The musical diversity of the late 1920s and early 1930s was matched by the breadth of narrative traditions invoked. Paramount's European directors Ernst Lubitsch and Rouben Mamoulian repeatedly called upon European male music hall stars Jack Buchanan and Maurice Chevalier to partner American opera singer Jeanette MacDonald

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The Oxford History of World Cinema
Table of contents

Table of contents

  • Title Page iii
  • Acknowledgements vii
  • Contributors ix
  • Contents xi
  • Special Features xv
  • List of Colour Illustrations xvii
  • General Introduction xix
  • 1 - Silent Cinema 1895-1930 1
  • Origins and Survival 6
  • Early Cinema 13
  • Transitional Cinema 23
  • The Hollywood Studio System 43
  • The World-Wide Spread of Cinema 53
  • The First World War and the Crisis in Europe 62
  • Tricks and Animation 71
  • Comedy 78
  • Documentary 86
  • Cinema and the Avant-Garde 95
  • Serials 105
  • French Silent Cinema 112
  • Italy- Spectacle and Melodrama 123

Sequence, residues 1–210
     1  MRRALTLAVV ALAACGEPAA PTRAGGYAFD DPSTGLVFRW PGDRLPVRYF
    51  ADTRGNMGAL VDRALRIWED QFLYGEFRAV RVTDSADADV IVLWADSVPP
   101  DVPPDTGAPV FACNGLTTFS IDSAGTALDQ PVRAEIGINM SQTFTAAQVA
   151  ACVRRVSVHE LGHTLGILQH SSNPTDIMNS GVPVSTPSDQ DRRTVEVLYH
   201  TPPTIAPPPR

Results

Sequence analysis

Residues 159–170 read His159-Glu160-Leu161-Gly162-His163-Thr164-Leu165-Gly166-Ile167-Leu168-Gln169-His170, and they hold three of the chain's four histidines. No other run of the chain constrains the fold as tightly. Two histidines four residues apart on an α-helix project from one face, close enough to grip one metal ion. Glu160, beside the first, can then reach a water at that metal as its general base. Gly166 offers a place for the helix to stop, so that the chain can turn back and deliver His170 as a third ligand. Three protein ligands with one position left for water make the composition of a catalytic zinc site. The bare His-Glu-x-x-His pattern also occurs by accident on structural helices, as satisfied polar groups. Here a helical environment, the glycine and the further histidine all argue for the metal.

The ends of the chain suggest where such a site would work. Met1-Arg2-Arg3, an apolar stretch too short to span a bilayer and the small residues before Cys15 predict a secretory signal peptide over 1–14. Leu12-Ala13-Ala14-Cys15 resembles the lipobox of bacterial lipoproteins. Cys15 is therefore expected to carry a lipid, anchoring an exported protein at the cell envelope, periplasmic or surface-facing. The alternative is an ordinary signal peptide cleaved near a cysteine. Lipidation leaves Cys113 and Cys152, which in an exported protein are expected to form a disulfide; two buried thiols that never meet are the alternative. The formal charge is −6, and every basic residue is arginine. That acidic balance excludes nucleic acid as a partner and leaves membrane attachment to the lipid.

• British Cinema from Hepworth to Hitchcock 130
  • Germany- The Weimar Years 136
  • The Scandinavian Style 151
  • Pre-Revolutionary Russia 159
  • The Soviet Union and the Russian émigrés 162
  • Yiddish Cinema in Europe 174
  • Japan- Before the Great Kanto Earthquake 177
  • Music and the Silent Film 183
  • The Heyday of the Silents 192
  • 2 - Sound Cinema 1930-1960 205
  • The Introduction of Sound 211
  • Hollywood- The Triumph of the Studio System 220
  • Censorship and Self-Regulation 235
  • The Sound of Music 248
  • Technology and Innovation 259
  • Animation 267
  • Cinema and Genre 276
  • The Western 286
  • The Musical 294
  • Crime Movies 304